Recently in Chipmaking Category

Belgium-based research institute IMEC has teamed up with Intel and a group of local universities on a programme that is intended to pave the way for exascale computers – supercomputers that are close to a thousand times more powerful than those being commissioned today.

“In 1997, we saw the first terascale machines. A few years ago, petascale appeared. We will hit exascale in around 2018,” said Wilfried Verachtert, high-performance computing project manager at IMEC, explaining that these machines will be able to perform 1018 floating-point calculations per second.

The most powerful supercomputer being made today is the Cray XT5 Jaguar with a rated performance of close to 2 petaflops

At a presentation held to celebrate the opening of a new cleanroom at IMEC and the foundation of the ExaScience lab, Martin Curley, senior principal engineer and director of Intel Labs Europe, said: “We are focused on creating the future of supercomputing. We have a job to do of creating a sustainable future. Exascale computing can really change our world.”

Curley said a the two main problems will be power consumption and the difficulty of writing highly parallel software. The performance required is the equivalent of 50 million laptops which would demand thousands of megawatts of power.

He explained that, by the time exascale computers are likely to appear, silicon-chip geometries will have dropped to 10nm. Although these devices can potentially run at tens of gigahertz, Curley said power consumption concerns would force supercomputer makers to run them much more slowly and potentially even slower than today’s processors. The move will demand billions of processing units in one supercomputer. “How are we going to achieve that? The only way is through billion-operation parallelism.”

Curley added: “Even with just 10 to 12 cores, we see the performance of commercial microprocessors begin to degrade. The biggest single challenge is parallelism.”

The ExaScience lab will, as its test application, work on software to predict the damage caused by the powerful magnetic fields that follow solar flares in the hope of providing more accurate information to satellite operators and the power-grid companies.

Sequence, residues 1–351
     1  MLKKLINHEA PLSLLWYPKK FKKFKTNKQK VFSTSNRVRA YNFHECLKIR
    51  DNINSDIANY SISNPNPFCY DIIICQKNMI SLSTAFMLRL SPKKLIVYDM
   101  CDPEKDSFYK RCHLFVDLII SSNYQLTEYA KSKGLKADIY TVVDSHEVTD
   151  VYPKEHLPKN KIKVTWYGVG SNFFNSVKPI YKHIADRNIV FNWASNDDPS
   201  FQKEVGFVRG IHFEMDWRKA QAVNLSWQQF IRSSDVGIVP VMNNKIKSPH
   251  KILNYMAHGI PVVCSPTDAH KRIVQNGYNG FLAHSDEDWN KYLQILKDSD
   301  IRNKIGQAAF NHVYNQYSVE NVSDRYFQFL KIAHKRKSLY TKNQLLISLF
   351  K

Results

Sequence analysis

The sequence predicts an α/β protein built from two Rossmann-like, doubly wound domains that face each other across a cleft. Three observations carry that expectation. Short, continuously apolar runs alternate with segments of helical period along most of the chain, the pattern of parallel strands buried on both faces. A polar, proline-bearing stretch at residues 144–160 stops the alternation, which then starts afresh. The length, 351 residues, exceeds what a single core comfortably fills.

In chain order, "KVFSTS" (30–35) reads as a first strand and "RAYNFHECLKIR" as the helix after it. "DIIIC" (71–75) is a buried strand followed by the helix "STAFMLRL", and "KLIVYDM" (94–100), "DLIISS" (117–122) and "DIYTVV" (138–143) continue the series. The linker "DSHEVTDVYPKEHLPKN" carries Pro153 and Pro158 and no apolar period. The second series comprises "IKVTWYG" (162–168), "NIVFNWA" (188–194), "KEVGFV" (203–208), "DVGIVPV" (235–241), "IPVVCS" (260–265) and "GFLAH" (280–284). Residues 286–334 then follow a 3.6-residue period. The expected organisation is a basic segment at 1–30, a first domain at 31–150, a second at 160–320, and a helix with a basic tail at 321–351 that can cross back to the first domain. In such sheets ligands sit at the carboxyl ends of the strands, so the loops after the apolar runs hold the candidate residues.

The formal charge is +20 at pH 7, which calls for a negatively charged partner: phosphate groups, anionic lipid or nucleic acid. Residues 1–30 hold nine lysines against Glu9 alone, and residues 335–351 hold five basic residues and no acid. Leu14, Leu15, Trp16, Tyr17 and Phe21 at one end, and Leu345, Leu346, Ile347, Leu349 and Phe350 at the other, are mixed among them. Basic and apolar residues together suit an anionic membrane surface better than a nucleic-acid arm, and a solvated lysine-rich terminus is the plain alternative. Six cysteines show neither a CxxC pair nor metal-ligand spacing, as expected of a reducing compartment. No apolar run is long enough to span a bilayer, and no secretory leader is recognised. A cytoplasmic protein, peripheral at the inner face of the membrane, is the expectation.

With current-generation supercomputers, the mesh used to analyse field strength has elements that are a million kilometres across, far larger than the Earth itself. An exascale machine would make it possible to scale the mesh size down to elements that are 10,000km across.

Verachtert said the project aims to get the power consumption of a machine from 7000MW – based on today’s technology - to 50MW, “and that is still higher than we want”.

One problem with a supercomputer than contains millions of discrete processors, each one containing thousands of processing elements, is the expected failure rate. “My optimistic projection is that there will be a failure every minute. It’s possible that there will be a failure every second. We have to do something about that.”

The failure rate will have a knock-on effect on programming. Today, it is possible to break up applications so that portions can be re-run after a hardware failure, which may happen once a day. That is impossible as the size of the machine scales up. Verachtert said the methods programmers use will have to take account of processors failing, using checkpoints and other techniques such as transactional memory – which Intel has researched heavily already – to allow code to be re-run automatically without disrupting other parts of the application.